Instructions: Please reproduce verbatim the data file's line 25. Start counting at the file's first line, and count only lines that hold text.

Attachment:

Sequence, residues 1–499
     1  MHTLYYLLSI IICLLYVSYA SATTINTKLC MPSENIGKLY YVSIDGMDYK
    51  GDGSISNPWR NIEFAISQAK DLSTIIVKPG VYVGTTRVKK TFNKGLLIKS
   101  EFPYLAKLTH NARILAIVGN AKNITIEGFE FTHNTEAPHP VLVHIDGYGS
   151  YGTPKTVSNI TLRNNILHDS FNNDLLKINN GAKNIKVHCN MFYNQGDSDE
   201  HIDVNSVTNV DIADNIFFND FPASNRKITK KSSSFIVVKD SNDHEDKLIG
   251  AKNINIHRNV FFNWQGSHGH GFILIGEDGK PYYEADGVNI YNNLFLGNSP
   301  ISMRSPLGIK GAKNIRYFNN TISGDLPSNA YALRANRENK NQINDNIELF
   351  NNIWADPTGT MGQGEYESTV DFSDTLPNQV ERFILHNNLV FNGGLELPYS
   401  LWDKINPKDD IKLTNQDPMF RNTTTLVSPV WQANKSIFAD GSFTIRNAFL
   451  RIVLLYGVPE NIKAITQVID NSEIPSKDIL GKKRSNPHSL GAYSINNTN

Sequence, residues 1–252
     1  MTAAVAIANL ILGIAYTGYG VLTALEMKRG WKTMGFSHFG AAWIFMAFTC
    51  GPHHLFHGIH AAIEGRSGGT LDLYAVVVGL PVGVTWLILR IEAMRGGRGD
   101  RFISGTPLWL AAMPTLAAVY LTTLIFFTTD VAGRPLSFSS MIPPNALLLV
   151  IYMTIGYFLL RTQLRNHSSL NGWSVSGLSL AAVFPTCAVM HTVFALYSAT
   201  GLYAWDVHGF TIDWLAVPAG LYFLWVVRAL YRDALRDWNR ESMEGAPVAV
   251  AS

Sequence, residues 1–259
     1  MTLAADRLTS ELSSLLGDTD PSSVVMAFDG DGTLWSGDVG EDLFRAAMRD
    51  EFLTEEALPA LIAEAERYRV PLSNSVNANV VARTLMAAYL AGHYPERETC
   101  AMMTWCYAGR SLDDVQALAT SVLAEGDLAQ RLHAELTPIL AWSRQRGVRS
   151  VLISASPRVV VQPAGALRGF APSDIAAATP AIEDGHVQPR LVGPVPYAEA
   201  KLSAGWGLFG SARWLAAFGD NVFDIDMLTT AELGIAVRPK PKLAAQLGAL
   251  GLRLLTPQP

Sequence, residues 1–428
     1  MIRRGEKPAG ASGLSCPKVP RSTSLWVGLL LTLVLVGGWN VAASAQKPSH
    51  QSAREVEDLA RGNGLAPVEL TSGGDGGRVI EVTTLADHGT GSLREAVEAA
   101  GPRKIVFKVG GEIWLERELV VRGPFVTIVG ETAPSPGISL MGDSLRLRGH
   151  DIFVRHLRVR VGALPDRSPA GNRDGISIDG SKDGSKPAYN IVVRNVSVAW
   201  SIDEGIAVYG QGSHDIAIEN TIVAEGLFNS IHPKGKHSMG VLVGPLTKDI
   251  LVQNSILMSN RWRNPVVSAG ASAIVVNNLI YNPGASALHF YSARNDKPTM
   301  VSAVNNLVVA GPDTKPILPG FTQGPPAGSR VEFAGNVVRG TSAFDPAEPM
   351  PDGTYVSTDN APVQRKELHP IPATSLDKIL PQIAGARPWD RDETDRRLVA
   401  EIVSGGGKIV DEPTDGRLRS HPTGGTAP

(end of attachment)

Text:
   251  GLRLLTPQP